Updated: Apr 17
Things I hear from patients about how they are dismissed when they have painful gyn Exams: "Its in your head, its suppose to be painful, you have a small v@gina, you are too soft, don't be a baby" Yup you heard it right, these are the actual things my patients have heard from their providers when they complaint of pain with pelvic exams!
Pelvic Pain with any type of penetration including gyn / pelvic exams is VERY real! Dismissing patients concerns and complaints about pain as insignificant or non existant or psychological is a type of medical gaslighting, and can often leave patients in trauma from the exams, sometimes lifelong trauma. It can also push them further in anxiety and more pelvic pain. So if you feel that you are not heard, please change providers!
For many women, this position with feet up stirrup can cause
anxiety, they feel less in control and can be overwhelming.
The provider can be asked to accommodate patients to make
them comfortable, not rush the exam, and seek permission or tell
the patient step by step what would be done during the session.
Let's look at some of the common
reasons why you might have pelvic pain with gyn/ pelvic exams.
Vaginismus: It is described as recurrent or persistent involuntary tightening of muscles around the vagina whenever penetration is attempted. It can have physical or non physical causes or no particular cause.
The symptoms include burning or stinging pain upon penetration, as well as intense fear, anxiety or loss of desire when penetration is attempted. It can lead to decreased self worth, self blame and feeling of guilt. Please know that is it NOT your fault, not your body's fault.
Many providers hand out dilators which a leaflet with instruction on using it. This pushes many patients further in to anxiety cycle, because vaginismus is not just about penetration. Treatment should factor in the stress factors, psychological factors, physical factors, emotional, social factors contributing to the symptoms. Most of the vaginismus patients that we see in the clinic, the first few sessions are spend getting comfortable with the idea of the treatment, the goals, the feeling of safety. We seek permission of the patients before any treatment is initiated every session, the patient knows exactly how the treatment plan will go for that particular session.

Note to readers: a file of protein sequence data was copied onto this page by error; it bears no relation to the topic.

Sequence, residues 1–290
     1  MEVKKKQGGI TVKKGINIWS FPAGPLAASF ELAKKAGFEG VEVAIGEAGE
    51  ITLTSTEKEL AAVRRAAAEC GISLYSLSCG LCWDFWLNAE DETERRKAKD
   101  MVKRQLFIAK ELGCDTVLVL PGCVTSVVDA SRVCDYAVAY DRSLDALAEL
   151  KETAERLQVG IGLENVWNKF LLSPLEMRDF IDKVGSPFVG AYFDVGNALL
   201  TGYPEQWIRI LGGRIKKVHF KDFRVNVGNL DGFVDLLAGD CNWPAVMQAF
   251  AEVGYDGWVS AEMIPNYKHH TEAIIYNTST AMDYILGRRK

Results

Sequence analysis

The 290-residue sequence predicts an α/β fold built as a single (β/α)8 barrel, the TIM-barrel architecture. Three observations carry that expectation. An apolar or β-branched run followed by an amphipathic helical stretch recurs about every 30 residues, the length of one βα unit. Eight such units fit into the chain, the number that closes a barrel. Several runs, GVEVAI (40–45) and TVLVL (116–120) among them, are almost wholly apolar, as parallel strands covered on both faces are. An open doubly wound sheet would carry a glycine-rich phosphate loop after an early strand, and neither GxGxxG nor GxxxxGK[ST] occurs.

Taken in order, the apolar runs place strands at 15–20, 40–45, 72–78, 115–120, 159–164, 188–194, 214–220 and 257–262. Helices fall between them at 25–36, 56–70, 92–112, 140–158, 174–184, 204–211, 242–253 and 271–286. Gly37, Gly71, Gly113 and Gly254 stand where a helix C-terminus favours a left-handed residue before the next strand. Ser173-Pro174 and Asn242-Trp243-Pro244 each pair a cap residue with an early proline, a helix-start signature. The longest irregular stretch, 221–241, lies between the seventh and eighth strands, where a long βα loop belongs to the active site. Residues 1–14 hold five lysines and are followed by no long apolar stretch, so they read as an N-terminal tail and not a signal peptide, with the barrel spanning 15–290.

Generalized Vulvodynia pain map is shown in the right hand side picture and Provoked Vestibulodynia is on the left hand side.
Prevalence of Vulvodynia is as high as 28%. Many vulva owners are diagnosed after a few rounds of multiple specialists, many are dismissed as having pelvic pain and either given pain meds or estrogen creams. Please note, not all vulvodynia type can be helped by hormones, although can do.
Provoked vestibulodynia (PVD) refers to vulvar pain of at least 3 months duration, localized to the vestibule, provoked by touch and sexual activity and occurring in the absence of a clear identifiable cause.
Resouces that can be helpful:
NVA - National Vulvodynia Association
Beyond Pelvic Pain
Irwin Goldstein’s books
When Sex Hurts: A Woman's Guide to Banishing Sexual Pain
Internation Pelvic Pain Society
Female Sexual Pain Disorders
Chronic Pelvic Pain
The prevalence of chronic pelvic pain is approximately between four to sixteen percent of women. Only a third of women suffering from chronic pelvic pain seek medical care.
Chronic pelvic pain in women is often defined as persistent, noncyclic pain, but can also be cyclical. The patient's pain is located within the pelvis and has lasted greater than six months duration.
How can Pelvic PT help with above?
Studies have shown 70% success rate of moderate or great improvement in vulvar pain, as well as decreased pain with intercourse and gynecological exam, and increased intercourse frequency, desire, and arousal
It is important to find a Pelvic PT who has worked with vulvodynia patients, because treatment is much more or rather different than just pelvic muscle stretching and biofeedback. It should involve,
⚡️Education about your anatomy and understanding of symptoms and treatment plan. ⚡️Pain science education so that you can integrate that in to self care.
⚡️Learning about triggers for pain whether emotional, mental or physical
⚡️Internal and external manual therapy
⚡️Visceral techniques if needed.
⚡️Other techniques for working around the pelvic
⚡️A good functional home program to follow up after session
How can I find a good pelvic floor PT?